Textures of a dying art

Ghalib’s hand moves rhythmically across the paper, swift, confident and in a motion of his own wavelength. Sitting just across the street from Jama masjid on the edge of the plinth of an urdu bookstore, you will hardly see him even blink his eyes while he’s working, the cacophony of Chandi Chowk does little to break his focus. So when he finally sees you, you will be greeted with a stern look and a question on his face “What do you want?”

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However, it is quite interesting to notice the change in his tone once he sees that you are interested in his art and it is not one of those gradual changes it is quite sudden and exclamatory. He starts talking yet his right hand keeps on moving and often I find him being constantly seduced away by his work, so in short there were a lot of intervals and yawning gaps, however, here’s what I have gathered.

So Mohammad Ghalib, the gentlemen I met is one of the few Katib writers left in India. According to him there are only three more Katib writers left in Delhi. Elaborating about Katib, he says that a lot of people misinterpret it as a style of writing or calligraphy rather originally the word was derived from the Arabic word Kitab meaning a book and a Katib was basically a person who used to be the keeper of the books or held the position of a writer or a secretary.

He puts pressure on the fact that in those days only a few got the position of a Katib as it required nerve churning patience, proper understanding of the language, its intricacies and also a fine sense of aesthetics.

Some of the major Urdu books were written by katibs between the 6th and 15th century all across the Middle East. Imagine thousand-paged books all handwritten, that was the kind of prowess and perseverance the Katibs of yesteryears had. He went as far as to say that the Katib style of writing added more to the word than there already was, some sort of subtle and surreal meaning in its own right.

The Katibs would write finances for the kings, documented incidents, memoirs in short they were the chroniclers; they were solely responsible for storing everything in written form.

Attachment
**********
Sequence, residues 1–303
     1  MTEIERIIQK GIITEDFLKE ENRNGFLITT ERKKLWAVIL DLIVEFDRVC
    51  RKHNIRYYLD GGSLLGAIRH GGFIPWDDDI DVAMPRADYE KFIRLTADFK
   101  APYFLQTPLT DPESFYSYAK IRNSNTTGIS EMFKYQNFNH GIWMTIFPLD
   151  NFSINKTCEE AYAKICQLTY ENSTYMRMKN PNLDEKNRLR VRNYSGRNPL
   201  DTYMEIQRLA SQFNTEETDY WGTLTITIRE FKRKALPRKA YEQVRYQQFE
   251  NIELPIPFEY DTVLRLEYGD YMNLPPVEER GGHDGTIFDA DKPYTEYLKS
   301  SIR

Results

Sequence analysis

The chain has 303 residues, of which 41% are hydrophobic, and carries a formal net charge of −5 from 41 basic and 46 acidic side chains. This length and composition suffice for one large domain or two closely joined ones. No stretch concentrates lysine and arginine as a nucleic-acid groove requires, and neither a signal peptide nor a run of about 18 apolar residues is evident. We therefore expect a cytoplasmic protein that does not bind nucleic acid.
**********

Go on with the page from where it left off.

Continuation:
However, now the few Katibs that remain have reduced to making contact cards, writing love letters and creating handmade copies of archaic Urdu books. He doesn’t mind doing those. According to him, as long as he gets to do his work he will do anything.

The thing that I need to point out here is the fact that the form in which he writes is centuries old, his artistry is highly precise and experienced. It has been passed on in his family for Generations after generations. Ghalib not only holds a very rare ability rather also a responsibility of keeping it alive.

So right here he stopped and I started looking for textures. I was sure something was in store, everything, from the form to the function had an historic significance.



Yes we have come really far technologically and this Katib style of writing can now be downloaded as a font on your mac or windows however Ghalib uses a traditional set of handcrafted bamboo pens. And it is this facet of his ability that gives his work credibility and ingenuity.

These pens are basically your usual pen-size hollow bamboo chamfered from one end. Along with them you have ink and silk for erasing.

His pens and stationeries were at least 50 years old and this is where I found all his history stored and memories retained, on his bamboo pens. Thousands of words have come out of those pens, a thousand thoughts were given shape to by Ghalib’s pen and all those thoughts, happy, sad and everything in between were stored inside them and the only remaining tangible memory is in those textures.

If you get to meet him one day you will know that the pens are almost an extension of his body.

The textures I found:


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If you’re interested in learning calligraphy or want to know more about the Katib calligraphy, do visit:




Picture credits : AADIT BASU



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